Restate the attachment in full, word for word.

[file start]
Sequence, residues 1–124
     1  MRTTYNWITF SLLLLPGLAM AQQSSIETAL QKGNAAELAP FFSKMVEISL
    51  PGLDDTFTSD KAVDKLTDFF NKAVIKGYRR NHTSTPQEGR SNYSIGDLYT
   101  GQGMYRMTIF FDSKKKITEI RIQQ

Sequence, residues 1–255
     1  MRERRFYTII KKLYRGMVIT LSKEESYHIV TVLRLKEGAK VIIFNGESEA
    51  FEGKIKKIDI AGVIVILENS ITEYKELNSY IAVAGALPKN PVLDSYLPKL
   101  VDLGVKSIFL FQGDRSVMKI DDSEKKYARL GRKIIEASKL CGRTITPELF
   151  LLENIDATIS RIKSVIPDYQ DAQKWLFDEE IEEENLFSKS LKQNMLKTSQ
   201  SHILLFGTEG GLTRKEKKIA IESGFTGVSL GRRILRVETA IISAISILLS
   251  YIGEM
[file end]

Sequence, residues 1–124
     1  MRTTYNWITF SLLLLPGLAM AQQSSIETAL QKGNAAELAP FFSKMVEISL
    51  PGLDDTFTSD KAVDKLTDFF NKAVIKGYRR NHTSTPQEGR SNYSIGDLYT
   101  GQGMYRMTIF FDSKKKITEI RIQQ

Sequence, residues 1–255
     1  MRERRFYTII KKLYRGMVIT LSKEESYHIV TVLRLKEGAK VIIFNGESEA
    51  FEGKIKKIDI AGVIVILENS ITEYKELNSY IAVAGALPKN PVLDSYLPKL
   101  VDLGVKSIFL FQGDRSVMKI DDSEKKYARL GRKIIEASKL CGRTITPELF
   151  LLENIDATIS RIKSVIPDYQ DAQKWLFDEE IEEENLFSKS LKQNMLKTSQ
   201  SHILLFGTEG GLTRKEKKIA IESGFTGVSL GRRILRVETA IISAISILLS
   251  YIGEM